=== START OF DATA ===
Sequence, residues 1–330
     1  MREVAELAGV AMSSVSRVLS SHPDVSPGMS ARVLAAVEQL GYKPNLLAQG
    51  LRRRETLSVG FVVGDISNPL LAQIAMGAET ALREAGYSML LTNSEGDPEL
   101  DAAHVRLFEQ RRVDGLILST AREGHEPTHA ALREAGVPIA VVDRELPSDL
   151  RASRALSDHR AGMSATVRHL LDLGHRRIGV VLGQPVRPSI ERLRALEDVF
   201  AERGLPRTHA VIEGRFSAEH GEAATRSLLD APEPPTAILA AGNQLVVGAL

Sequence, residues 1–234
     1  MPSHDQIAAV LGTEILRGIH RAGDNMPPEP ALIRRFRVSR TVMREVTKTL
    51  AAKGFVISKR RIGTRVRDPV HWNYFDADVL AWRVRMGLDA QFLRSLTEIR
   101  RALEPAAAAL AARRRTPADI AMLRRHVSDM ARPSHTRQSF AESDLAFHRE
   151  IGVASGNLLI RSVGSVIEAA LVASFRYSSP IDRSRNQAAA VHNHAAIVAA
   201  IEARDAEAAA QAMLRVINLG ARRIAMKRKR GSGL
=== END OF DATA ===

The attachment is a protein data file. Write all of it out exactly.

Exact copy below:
Sequence, residues 1–330
     1  MREVAELAGV AMSSVSRVLS SHPDVSPGMS ARVLAAVEQL GYKPNLLAQG
    51  LRRRETLSVG FVVGDISNPL LAQIAMGAET ALREAGYSML LTNSEGDPEL
   101  DAAHVRLFEQ RRVDGLILST AREGHEPTHA ALREAGVPIA VVDRELPSDL
   151  RASRALSDHR AGMSATVRHL LDLGHRRIGV VLGQPVRPSI ERLRALEDVF
   201  AERGLPRTHA VIEGRFSAEH GEAATRSLLD APEPPTAILA AGNQLVVGAL

Sequence, residues 1–234
     1  MPSHDQIAAV LGTEILRGIH RAGDNMPPEP ALIRRFRVSR TVMREVTKTL
    51  AAKGFVISKR RIGTRVRDPV HWNYFDADVL AWRVRMGLDA QFLRSLTEIR
   101  RALEPAAAAL AARRRTPADI AMLRRHVSDM ARPSHTRQSF AESDLAFHRE
   151  IGVASGNLLI RSVGSVIEAA LVASFRYSSP IDRSRNQAAA VHNHAAIVAA
   201  IEARDAEAAA QAMLRVINLG ARRIAMKRKR GSGL